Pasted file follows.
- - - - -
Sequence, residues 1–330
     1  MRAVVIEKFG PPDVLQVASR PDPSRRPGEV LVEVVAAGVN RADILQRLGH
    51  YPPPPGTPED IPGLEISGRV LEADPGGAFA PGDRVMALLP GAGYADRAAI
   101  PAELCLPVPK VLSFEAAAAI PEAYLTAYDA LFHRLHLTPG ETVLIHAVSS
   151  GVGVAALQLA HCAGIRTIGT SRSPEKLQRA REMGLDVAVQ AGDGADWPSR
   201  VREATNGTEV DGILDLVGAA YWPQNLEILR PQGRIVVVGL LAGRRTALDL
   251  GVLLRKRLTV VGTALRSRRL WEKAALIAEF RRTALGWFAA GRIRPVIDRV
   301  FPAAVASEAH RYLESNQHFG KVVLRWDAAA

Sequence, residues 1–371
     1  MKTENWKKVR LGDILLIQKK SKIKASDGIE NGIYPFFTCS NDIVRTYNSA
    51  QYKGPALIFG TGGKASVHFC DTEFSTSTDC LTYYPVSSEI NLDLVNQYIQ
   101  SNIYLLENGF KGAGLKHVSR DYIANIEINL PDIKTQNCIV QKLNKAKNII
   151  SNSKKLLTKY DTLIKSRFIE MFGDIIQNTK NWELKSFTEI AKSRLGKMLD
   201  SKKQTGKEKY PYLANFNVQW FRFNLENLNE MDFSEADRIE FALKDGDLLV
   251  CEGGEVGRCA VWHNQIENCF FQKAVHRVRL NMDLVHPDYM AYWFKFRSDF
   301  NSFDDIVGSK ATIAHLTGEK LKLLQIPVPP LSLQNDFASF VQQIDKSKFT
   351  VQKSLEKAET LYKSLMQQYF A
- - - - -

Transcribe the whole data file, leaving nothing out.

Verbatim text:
Sequence, residues 1–330
     1  MRAVVIEKFG PPDVLQVASR PDPSRRPGEV LVEVVAAGVN RADILQRLGH
    51  YPPPPGTPED IPGLEISGRV LEADPGGAFA PGDRVMALLP GAGYADRAAI
   101  PAELCLPVPK VLSFEAAAAI PEAYLTAYDA LFHRLHLTPG ETVLIHAVSS
   151  GVGVAALQLA HCAGIRTIGT SRSPEKLQRA REMGLDVAVQ AGDGADWPSR
   201  VREATNGTEV DGILDLVGAA YWPQNLEILR PQGRIVVVGL LAGRRTALDL
   251  GVLLRKRLTV VGTALRSRRL WEKAALIAEF RRTALGWFAA GRIRPVIDRV
   301  FPAAVASEAH RYLESNQHFG KVVLRWDAAA

Sequence, residues 1–371
     1  MKTENWKKVR LGDILLIQKK SKIKASDGIE NGIYPFFTCS NDIVRTYNSA
    51  QYKGPALIFG TGGKASVHFC DTEFSTSTDC LTYYPVSSEI NLDLVNQYIQ
   101  SNIYLLENGF KGAGLKHVSR DYIANIEINL PDIKTQNCIV QKLNKAKNII
   151  SNSKKLLTKY DTLIKSRFIE MFGDIIQNTK NWELKSFTEI AKSRLGKMLD
   201  SKKQTGKEKY PYLANFNVQW FRFNLENLNE MDFSEADRIE FALKDGDLLV
   251  CEGGEVGRCA VWHNQIENCF FQKAVHRVRL NMDLVHPDYM AYWFKFRSDF
   301  NSFDDIVGSK ATIAHLTGEK LKLLQIPVPP LSLQNDFASF VQQIDKSKFT
   351  VQKSLEKAET LYKSLMQQYF A